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 It is technically possible to fit an aftermarket aerial (antenna) to your radio control transmitter which would at least double the range!!.. Now not a lot of people know that!   OK, if that’s the case, why aren’t we all using these things and why don’t the manufactures include these devices as standard?

Well one thing is, the aftermarket antenna is quite directional, so you would have to keep the Tx antenna ‘looking’ at your model for best range. Another problem is when your Tx is ‘by chance’ looking at another model in the sky, then your signal could be five or six times stronger than its parent transmitter and at range this could cause problems.


Reader and contributor Robert Coggan explains the detail…… Coggan is a consulting engineer and professional designer of electronic circuits.


Robert’s Email content that follows explains the legal technicalities of the UK position relating to aftermarket antenna systems for radio control models in much more detail…….

EIRP (Effective Isotropic Radiated Power) seems be to widely misunderstood but it is commonly used in radio transmission to define the maximum radiated signal in a given direction. As you have found out by experiment, it is quite difficult to measure the polar output from an antenna due to all the ground reflections etc. As an alternative, it is more practical to measure the transmitter's conducted power i.e. the power from the electronics which feed the antenna, than add the antenna gain. You simply unplug the antenna cable and connect the transmitter output direct to a suitable power meter or spectrum analyser. Knowing this, you simply add the antenna gain to get the final eirp. This will then define the maximum power being radiated in a specific direction relative to an isotropic antenna. Many of the transmitter antennas are half-wave dipoles which have a fairly well defined gain of 2.15dBi. I've attached a useful document from the FCC which gives some practical advice about measuring eirp.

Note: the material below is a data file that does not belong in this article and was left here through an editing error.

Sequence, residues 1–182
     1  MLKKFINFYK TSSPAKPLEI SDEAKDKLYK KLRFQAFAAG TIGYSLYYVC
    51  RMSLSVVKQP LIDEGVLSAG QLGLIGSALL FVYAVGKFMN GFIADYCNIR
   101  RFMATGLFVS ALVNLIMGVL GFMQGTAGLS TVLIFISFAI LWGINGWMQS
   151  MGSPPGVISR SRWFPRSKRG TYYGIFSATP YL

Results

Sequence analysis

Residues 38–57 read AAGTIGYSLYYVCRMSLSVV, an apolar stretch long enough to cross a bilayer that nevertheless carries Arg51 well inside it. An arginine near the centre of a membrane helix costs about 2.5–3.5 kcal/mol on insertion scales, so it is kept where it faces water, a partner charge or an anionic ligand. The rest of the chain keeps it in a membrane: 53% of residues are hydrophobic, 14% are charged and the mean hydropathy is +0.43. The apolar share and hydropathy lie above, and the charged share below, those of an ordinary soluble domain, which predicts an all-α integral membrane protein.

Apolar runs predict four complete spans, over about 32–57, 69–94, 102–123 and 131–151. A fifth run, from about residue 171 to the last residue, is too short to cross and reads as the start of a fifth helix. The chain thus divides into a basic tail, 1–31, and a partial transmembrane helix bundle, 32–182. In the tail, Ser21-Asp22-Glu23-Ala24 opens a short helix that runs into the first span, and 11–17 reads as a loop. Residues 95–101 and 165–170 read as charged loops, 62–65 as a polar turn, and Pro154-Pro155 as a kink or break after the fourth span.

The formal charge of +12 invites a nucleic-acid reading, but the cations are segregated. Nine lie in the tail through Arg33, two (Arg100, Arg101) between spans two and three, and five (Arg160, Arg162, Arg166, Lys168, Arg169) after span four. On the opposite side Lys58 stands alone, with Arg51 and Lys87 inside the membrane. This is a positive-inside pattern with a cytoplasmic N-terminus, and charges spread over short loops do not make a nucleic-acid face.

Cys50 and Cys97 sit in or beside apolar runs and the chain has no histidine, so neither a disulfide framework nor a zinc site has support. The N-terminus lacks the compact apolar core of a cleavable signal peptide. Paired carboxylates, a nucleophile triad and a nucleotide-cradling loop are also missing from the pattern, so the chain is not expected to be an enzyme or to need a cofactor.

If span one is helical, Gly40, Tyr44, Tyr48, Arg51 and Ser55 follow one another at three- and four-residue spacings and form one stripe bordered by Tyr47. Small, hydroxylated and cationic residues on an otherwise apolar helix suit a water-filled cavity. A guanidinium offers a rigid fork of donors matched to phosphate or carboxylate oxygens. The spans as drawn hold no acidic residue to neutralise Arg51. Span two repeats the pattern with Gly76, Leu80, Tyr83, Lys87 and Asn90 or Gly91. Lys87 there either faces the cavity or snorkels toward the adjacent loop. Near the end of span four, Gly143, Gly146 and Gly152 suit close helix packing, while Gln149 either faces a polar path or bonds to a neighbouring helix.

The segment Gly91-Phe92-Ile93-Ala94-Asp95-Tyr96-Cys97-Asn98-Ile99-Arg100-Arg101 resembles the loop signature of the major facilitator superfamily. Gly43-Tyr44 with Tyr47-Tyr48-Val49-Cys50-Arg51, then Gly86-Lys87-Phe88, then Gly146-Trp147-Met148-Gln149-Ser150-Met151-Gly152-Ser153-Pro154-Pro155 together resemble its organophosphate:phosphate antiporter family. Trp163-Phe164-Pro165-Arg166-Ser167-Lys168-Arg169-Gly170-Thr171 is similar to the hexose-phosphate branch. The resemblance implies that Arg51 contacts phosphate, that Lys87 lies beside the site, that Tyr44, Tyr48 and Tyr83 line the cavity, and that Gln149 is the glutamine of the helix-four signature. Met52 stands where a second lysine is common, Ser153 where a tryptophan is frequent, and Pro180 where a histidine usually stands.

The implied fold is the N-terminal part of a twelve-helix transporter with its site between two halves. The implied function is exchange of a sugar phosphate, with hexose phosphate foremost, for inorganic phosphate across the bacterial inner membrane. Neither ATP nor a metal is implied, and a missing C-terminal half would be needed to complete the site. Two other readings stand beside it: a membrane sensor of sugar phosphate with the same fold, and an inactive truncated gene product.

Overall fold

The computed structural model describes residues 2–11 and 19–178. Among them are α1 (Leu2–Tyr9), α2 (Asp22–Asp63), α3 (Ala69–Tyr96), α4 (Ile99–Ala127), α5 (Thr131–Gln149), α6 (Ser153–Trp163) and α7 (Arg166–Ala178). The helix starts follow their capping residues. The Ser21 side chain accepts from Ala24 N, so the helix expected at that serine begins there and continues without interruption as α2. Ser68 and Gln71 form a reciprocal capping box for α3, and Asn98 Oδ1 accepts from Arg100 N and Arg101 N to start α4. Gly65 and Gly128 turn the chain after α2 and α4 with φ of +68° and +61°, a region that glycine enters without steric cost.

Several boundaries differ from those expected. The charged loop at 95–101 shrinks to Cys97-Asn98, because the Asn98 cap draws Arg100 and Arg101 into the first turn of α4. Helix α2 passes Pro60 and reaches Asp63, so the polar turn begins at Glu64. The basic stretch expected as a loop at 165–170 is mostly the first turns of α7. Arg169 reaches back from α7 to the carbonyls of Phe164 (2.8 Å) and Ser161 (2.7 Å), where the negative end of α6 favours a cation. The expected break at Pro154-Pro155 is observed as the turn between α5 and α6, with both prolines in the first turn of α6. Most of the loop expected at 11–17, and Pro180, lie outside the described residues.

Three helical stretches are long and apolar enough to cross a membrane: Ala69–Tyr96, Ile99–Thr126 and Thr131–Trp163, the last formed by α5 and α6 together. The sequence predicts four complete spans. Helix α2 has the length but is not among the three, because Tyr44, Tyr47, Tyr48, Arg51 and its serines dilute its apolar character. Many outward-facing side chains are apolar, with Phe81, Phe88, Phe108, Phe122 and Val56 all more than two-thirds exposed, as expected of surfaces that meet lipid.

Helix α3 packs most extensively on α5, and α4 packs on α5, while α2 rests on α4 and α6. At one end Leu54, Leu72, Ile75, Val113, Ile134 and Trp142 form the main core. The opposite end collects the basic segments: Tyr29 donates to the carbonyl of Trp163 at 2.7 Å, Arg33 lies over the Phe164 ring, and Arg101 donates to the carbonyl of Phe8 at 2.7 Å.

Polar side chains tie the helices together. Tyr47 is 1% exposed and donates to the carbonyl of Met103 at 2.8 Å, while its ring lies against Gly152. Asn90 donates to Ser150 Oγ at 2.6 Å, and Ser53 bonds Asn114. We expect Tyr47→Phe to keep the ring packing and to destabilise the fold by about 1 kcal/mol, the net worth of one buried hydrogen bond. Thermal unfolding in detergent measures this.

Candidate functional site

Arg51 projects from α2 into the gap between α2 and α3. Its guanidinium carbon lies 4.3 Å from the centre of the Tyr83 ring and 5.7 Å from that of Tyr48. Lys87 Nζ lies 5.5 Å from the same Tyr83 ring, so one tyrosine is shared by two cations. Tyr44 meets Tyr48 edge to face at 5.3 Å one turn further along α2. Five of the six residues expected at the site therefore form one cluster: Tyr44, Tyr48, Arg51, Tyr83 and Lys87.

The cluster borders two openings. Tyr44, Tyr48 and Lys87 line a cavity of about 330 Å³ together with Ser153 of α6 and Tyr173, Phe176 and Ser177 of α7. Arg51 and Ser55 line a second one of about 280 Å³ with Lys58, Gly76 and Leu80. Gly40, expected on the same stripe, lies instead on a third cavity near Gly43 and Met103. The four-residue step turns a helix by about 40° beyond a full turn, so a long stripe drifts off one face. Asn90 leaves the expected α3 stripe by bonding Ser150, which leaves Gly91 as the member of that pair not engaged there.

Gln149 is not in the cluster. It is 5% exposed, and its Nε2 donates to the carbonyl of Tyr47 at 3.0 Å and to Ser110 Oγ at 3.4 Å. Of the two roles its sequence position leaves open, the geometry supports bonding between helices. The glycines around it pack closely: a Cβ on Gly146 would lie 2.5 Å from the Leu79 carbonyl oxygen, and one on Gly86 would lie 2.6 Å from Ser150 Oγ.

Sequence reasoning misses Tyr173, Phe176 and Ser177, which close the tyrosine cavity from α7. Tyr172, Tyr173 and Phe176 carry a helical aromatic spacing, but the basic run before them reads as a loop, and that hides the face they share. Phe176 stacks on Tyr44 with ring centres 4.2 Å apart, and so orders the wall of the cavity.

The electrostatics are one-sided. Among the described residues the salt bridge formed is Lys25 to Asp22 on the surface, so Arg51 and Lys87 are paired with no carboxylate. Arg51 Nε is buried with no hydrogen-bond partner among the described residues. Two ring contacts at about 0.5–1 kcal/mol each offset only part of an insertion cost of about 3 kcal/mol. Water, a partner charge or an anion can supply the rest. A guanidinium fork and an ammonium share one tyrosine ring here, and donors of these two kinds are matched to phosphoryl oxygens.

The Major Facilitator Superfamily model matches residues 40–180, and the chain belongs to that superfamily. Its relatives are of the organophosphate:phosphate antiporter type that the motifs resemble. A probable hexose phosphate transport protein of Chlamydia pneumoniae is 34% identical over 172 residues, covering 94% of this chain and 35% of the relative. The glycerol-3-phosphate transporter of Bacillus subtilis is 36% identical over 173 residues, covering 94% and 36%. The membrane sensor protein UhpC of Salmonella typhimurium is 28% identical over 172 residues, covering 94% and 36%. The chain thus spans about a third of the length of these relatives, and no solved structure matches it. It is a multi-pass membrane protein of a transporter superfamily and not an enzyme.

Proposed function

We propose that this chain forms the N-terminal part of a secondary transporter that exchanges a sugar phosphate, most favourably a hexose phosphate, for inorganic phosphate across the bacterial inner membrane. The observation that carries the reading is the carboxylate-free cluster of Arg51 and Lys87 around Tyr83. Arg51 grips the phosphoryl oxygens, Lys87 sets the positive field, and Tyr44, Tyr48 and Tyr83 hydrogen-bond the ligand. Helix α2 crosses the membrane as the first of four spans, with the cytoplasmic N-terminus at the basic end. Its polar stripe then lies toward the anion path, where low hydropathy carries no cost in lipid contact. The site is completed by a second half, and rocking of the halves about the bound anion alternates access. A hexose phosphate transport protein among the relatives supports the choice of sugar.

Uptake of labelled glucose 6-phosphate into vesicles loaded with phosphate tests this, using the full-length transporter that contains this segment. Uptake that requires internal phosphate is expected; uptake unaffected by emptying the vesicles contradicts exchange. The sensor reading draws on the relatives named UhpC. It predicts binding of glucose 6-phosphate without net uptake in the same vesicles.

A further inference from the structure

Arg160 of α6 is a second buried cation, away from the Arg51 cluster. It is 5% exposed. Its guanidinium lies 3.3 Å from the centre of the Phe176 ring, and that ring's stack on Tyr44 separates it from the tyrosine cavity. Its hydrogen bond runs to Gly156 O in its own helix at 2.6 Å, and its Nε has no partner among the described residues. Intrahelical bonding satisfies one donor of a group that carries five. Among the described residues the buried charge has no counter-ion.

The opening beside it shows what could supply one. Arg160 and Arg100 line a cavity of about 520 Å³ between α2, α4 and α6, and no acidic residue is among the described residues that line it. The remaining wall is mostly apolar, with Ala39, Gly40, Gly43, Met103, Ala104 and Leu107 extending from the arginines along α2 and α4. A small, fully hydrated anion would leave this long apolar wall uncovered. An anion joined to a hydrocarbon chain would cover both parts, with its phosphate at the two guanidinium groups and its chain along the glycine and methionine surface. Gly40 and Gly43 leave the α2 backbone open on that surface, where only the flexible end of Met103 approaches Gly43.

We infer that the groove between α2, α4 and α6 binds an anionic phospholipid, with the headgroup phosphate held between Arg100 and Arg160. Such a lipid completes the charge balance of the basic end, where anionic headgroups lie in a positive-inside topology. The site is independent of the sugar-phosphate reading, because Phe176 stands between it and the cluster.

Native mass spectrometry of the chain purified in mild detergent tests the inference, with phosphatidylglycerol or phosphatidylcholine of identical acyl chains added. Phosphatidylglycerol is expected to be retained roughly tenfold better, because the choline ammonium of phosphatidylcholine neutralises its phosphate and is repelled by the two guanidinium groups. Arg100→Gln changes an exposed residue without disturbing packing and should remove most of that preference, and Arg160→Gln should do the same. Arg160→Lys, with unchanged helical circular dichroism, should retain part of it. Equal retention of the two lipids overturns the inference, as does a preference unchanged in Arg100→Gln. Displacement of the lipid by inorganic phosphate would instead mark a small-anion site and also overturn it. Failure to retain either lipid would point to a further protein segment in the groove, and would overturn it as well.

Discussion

I often use a light bulb analogy to explain this to the non-technical masses (most of the UK these days). A light bulb is a bit like an isotropic antenna, radiating it's power equally in all directions. Suppose you have four people standing close together in the pilot's box each transmitting with a different coloured light bulb, say red, green, blue and yellow, but all with the same power. Your plane's receiver only decodes the red signal, so imagine you are across the field, a couple of hundred feet up looking back at the pilot's box. You will see four equally bright bulbs, but it isn't too difficult to pick out the red one and you focus on decoding its signal. This will be the same wherever you fly in the field as all bulbs are radiating equally in all directions.

Now suppose the guy with the yellow bulb decides to fit a parabolic reflector behind his bulb (as in a torch). This focuses much more of the power forward to boost the radiated power in that direction. Looking back from the plane and you will now find that when you fly across his beam it will harder to see your red bulb because his yellow one is glaring brightly at you. The overall bulb power remains the same, but the signal in a given direction (power density) has increased significantly. Spread spectrum technology is very good at dealing with these situations, so it might not cause other receivers to lose signal completely but it will certainly reduce margins.

Thinking about it, this is one of the reasons why we all stand close together in the pilot's box - all receivers in the air will see roughly the same signal coming all transmitters, giving each the best chance of decoding its own good signal.

Adding a reflector to the back of the bulb is a bit like adding a reflector to the dipole creating a 7dBi "patch" antenna, like one of these:- (see picture to the right). This one is a Hobbyking Patch Antenna.

They are more directional and have a forward gain of 6 to 8dBi i.e. around 5dB (3x) more than the dipole. This will increase eirp from 100mW to 300mW which is not legal in the UK - I've attached a copy of Ofcom's document which gives a simple but comprehensive explanation of the UK situation. Incidentally, Ofcom did review my article for BMFA News for technically accuracy, and it passed!